Dracula (1931) Director: Tod Browning


Tod Browning, known for his horror film productions, delivers a true classic in American horror for Carl Laemmie’s Universal Pictures. Bela Lugosi, the Hungarian born actor, was cast as Count Dracula, after Lon Chaney Sr. unexpectedly died of throat cancer. Though he provided one of the most memorable performances in an American horror film, Lugosi would later regret being typecast.

The film is a clear homage to Nosferatu, which was banned from movie theaters after the heiress to the Stoker fortune sued for the rights of the Dracula story. For this 1931 adaptation, Laemmie made sure to acquire the rights to the story before producing the film, although some scenes are clearly directed at the earlier expressionist film, such as a scene in which the main character pricks blood on his finger at the castle of Dracula.

The film begins as a carriage full of travelers is racing through the Borgo Pass to make it to a remote Inn before sundown. The locals fear the evils that happen after sundown. One traveler, Renfield, is unafraid of the dark and commissions his driver to take him further to Dracula’s castle, despite the time. He says he has business to take up with Count Dracula.

As he approaches the castle, the audience gets its first glimpse of the 500 year old Dracula emerging from his coffin with his three undead brides. Suddenly Dracula, himself, is the coachman for the buggy and as they arrive at the castle, Renfield sticks his head out the window of the carriage to find that no one is driving, but rather that a bat is leading the way.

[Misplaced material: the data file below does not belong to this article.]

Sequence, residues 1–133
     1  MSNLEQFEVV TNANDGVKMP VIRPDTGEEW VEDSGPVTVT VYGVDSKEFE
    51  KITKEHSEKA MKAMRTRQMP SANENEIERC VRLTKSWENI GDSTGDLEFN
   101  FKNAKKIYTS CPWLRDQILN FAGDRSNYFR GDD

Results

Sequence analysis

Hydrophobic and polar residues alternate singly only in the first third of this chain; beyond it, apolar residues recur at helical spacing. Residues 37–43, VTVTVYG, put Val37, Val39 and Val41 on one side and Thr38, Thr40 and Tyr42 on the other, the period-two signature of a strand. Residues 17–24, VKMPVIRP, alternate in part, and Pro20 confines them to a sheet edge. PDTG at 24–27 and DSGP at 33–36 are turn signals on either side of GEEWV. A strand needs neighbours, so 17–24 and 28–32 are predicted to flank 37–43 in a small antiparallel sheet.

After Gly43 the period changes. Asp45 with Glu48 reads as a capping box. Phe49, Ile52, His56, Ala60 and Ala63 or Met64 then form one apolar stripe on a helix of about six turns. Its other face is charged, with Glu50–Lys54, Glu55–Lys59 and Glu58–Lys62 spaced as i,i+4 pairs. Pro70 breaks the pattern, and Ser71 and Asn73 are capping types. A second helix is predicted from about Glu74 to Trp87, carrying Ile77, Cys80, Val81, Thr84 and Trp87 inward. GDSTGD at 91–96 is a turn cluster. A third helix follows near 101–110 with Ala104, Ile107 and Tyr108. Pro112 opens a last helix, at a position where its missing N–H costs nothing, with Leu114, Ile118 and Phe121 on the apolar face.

When he enters the castle, he is greeted by a tuxedo wearing Dracula. He leads him to his quarters as they discuss the London real estate for sale and Dracula drugs him with old wine. He and his wives then close in on the body for blood. Days later, Renfield and his “master” Dracula are aboard the stormy ship called Vesta as they make their way to London. Mysteriously, the ship enters the harbor with everyone dead, excluding Dracula and Renfield. Later, Dracula meets a group at the opera house, and the women fall victim to him that night. Meanwhile, Renfield has been moved to the Seward Sanitarium where he feeds on the blood of flies and other small creatures.


The doctors in London have trouble identifying the cause of the mysterious marks that appear on peoples’ necks, until Professor Van Helsing accurately attributes them to a Nosferatu, Vampire. When he first meets Dracula, Van Helsing notices he does not appear in mirrors, which forces Dracula to excuse himself. He takes another victim, Mina, and Renfield takes a victim, the maid.

Dracula takes Mina back to his crypt, but he is followed by Van Helsing and Doctor Harker. Dracula, feeling betrayed, kills Renfield and flees to his coffin. Shortly thereafter, Van Helsing and Harker drive a wooden stake through his heart and they escape with Mina as church bells ring off in the distance.



Dracula is a classic film mainly for its novelty as a staple of American cinematic culture. Otherwise, the film is clunky and awkward at times (the scenes of the storm-wrecked ship were even lifted from another film). The film is also inferior to its memorable predecessor, Nosferatu: A Symphony of Horrors by F.W. Murnau. However, Dracula still manages to horrify audiences. It is certainly a film worth seeing once.

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